September 10, 2009

Death by Apples



Roxbury Russet apples from Flickr.

An article in the Boston Globe noted that the apple crop has been particularly good this year. The cool rainy weather that ruined things like tomatoes and eggplant has been perfect for apples. So, get out to your local orchard or farmers' market and get a bag of local apples!

There's a lot of folklore about apples in New England, much of it spooky. I guess apples pair with strange deaths as well as they pair with pie crust. I've mentioned bloody Micah Rood apples and the apple tree that ate Roger Williams' body earlier, but the very introduction of apples into New England was a cause for misery and death.

The first named variety of apple cultivated in New England and the the United States was the Roxbury Russet. Named for the Colonial town of Roxbury (now a Boston neighborhood), and the apple's greenish brown color, the Roxbury Russet was in cultivation by the mid-1600's. Some sources say it was being grown as early as 1649. I guess apples were a high priority for the English, since they only settled the Boston area in the late 1620s.

According to a book called Apples of New York State, an English settler in Roxbury named Joseph Warren was the first person to grow the Roxbury russet. He died in 1755 when he fell off a ladder while picking apples and broke his neck. (I got that little tidbit here).

The idea that Joseph Warren was killed by the very thing he was famous for makes this story seem mythic to me. Not mythic in a "what a lie" way, but in a "Wow! That's seems to make strange sense" way. I'm not saying it isn't true, but the story wouldn't be as resonant if he died in bed from pneumonia.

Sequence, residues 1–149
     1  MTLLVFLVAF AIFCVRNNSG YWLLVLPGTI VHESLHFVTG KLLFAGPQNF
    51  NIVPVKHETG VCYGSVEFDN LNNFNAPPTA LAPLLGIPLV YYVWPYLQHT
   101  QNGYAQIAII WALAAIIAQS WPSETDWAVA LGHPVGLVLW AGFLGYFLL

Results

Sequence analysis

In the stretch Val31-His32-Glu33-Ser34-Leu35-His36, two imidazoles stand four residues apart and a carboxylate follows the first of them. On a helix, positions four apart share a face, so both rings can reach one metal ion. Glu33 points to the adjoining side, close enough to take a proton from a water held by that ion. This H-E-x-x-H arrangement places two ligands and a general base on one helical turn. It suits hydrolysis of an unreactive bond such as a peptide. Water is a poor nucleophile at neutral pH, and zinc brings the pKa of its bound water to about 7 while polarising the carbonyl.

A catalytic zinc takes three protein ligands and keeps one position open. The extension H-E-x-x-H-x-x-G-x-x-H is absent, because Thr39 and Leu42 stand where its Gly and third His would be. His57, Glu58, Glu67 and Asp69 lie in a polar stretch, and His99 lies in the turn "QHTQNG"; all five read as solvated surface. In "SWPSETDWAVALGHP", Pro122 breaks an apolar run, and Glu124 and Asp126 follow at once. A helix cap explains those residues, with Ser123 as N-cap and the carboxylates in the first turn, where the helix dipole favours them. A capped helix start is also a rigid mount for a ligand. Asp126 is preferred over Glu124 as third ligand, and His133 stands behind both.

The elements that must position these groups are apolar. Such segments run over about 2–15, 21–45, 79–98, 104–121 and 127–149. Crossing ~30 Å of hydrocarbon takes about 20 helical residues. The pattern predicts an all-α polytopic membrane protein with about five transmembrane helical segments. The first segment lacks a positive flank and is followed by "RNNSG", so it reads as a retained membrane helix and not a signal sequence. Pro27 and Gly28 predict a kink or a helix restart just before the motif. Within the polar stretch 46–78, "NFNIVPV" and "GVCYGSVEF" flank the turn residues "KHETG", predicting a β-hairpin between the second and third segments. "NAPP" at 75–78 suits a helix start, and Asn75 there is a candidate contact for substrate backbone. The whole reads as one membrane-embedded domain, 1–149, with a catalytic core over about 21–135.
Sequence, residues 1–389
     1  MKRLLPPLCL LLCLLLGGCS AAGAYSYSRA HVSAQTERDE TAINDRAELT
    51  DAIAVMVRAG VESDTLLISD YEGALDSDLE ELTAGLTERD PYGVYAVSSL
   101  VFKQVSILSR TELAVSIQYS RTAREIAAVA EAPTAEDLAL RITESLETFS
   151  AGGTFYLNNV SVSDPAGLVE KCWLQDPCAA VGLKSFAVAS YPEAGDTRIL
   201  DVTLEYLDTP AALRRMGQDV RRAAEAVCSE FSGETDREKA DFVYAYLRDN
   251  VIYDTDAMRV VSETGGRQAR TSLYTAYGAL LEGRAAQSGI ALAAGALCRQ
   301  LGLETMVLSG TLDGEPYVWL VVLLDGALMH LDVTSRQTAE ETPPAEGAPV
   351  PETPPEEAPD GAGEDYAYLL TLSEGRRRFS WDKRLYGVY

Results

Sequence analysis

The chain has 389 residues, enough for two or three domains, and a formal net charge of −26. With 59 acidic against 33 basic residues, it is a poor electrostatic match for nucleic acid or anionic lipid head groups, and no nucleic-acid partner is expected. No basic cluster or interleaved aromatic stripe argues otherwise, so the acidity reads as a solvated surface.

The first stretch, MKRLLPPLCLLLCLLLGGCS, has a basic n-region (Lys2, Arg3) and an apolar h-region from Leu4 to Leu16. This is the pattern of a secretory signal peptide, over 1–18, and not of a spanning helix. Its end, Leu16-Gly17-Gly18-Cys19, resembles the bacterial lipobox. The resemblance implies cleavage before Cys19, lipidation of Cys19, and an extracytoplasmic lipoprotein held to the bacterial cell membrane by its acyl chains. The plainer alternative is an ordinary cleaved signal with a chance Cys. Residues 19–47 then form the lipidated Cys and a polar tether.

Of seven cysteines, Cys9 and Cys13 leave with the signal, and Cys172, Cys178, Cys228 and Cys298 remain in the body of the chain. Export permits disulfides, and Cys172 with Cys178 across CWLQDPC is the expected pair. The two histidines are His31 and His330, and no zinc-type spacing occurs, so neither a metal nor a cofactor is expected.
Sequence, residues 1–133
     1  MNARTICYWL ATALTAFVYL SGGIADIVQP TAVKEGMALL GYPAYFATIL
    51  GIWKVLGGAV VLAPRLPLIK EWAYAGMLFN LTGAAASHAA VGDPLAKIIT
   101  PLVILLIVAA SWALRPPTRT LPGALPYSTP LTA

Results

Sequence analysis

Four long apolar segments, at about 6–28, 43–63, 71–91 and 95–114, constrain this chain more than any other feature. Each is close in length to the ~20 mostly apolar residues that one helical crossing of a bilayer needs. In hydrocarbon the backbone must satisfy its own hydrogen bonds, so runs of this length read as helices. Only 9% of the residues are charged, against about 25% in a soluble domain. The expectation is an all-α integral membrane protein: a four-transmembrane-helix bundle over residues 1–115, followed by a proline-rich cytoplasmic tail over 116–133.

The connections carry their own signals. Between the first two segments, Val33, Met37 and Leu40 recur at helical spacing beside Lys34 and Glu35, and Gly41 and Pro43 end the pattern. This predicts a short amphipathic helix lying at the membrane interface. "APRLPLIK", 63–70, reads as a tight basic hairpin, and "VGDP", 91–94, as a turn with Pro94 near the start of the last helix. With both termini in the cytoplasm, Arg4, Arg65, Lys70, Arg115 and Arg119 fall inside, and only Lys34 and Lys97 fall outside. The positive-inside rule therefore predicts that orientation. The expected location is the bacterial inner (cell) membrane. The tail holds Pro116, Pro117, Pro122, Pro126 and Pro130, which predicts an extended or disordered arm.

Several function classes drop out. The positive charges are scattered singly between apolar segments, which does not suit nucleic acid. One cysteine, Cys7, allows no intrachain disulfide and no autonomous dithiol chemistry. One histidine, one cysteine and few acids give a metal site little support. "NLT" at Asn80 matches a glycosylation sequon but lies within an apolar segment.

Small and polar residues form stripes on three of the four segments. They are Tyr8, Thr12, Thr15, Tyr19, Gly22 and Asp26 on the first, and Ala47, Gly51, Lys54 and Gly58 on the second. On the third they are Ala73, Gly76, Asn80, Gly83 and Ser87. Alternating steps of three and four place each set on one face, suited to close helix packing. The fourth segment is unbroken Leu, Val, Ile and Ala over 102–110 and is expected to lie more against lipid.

When I read the Roxbury Russet story I was reminded of a similar "death by apple" story. Strangely, it's also from Roxbury.

I live on Mission Hill in Boston, which is part of Roxbury. Mission Hill used to be called Parker Hill, after the wealthy Parker family which lived here in the 1700's. Back then, the hill was quite agricultural and covered in orchards. Peter Parker, the scion of the family and owner of the hill, also met his end through apples. He was crushed by a barrel of his own cider when if fell off a cart. (This tidbit is from Samuel Francis Drake's book The Town of Roxbury: Its Memorable Persons and Places, Its History and Antiquities, with Numerous Illustrations of Its Old Landmarks and Noted Personages.)

Although Mission Hill is now quite urban, it still has a lot apple trees. They grow in people's yards, and the park at the top of the hill actually has an orchard in it. One of my neighbors has an apple tree, and he told me it is indeed a Roxbury Russet. The agricultural past peeks through into our modern urban neighborhood.

I feel I should wrap up this post on a dramatic note, like "And I've seen the bloody ghosts of Peter Parker and Joseph Warren wandering in the orchard!" I haven't though, so the stories will have to stand on their own.

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